In other words, we lopped off that branch with a chain saw, cut it into logs, and sold it off as firewood.
The remaining branch, Congress, consisted initially of several houses. In the early days of this CyberNation, we realized that the House of Straw, the House of Sticks, and the House of Cards were burdens we could do without, so certain adjustments were necessary (remember the chain saw analogy?) Today we are left with the House of Uncommons (the ``lower'' house) and the House of Ill Repute (the ``lowest'' house). Since the occupants of the latter have been caught selling votes for money (and this CyberNation less than 2 weeks old!), the chain saw was again applied, and that house currently sits empty (we are currently attempting to acquire the services of Tom Bodett to keep the lights on).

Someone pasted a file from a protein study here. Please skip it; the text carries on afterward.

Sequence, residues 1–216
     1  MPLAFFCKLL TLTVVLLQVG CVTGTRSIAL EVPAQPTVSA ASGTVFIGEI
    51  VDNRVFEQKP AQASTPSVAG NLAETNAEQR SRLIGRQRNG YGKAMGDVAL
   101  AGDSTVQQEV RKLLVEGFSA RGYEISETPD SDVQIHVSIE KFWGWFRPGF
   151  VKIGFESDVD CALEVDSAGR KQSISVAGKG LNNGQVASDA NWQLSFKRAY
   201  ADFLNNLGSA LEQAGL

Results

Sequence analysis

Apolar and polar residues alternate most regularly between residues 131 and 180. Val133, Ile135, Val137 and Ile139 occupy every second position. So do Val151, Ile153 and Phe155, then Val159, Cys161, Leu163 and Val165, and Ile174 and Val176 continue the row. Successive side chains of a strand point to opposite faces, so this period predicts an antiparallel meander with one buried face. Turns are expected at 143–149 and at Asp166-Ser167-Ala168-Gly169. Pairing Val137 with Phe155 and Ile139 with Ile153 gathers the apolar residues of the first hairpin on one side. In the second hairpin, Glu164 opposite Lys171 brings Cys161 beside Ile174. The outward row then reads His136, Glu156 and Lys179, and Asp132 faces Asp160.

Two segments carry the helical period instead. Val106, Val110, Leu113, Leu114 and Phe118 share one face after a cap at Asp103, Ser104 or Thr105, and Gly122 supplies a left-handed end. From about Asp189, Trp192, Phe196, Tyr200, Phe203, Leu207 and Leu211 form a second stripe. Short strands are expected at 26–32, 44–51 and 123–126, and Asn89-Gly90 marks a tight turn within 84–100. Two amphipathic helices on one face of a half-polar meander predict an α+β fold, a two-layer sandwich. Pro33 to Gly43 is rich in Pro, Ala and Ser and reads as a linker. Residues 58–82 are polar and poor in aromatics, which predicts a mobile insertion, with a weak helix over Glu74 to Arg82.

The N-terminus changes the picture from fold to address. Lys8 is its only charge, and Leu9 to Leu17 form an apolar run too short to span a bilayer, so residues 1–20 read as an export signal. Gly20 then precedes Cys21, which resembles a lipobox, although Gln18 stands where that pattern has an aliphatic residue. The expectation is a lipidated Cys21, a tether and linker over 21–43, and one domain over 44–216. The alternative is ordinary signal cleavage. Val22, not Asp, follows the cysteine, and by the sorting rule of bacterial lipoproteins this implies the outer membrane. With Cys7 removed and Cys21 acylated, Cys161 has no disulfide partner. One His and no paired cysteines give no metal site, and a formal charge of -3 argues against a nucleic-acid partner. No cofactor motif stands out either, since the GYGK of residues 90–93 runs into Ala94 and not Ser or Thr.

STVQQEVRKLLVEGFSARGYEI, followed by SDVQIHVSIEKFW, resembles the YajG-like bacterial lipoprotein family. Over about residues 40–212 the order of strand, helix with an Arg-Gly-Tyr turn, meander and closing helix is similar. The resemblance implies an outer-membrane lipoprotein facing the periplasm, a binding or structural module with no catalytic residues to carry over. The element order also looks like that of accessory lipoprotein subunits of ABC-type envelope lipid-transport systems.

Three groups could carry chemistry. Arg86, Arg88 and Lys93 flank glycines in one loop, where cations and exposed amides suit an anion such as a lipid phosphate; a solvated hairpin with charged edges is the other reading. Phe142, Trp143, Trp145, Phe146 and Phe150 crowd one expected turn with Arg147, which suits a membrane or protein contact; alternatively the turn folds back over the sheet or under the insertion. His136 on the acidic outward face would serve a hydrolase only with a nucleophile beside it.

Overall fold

|George P. Burdell||mailto:email@example.com|
|Gloria Gladys Glasshead||mailto:firstname.lastname@example.org|
The CongressCritters are elected either by popular vote, or appointed by the President. In either case, since the Constitution clearly vests all power in the President, the CongressCritters have no authority unless so granted by the President. To date, the President has not been so foolish.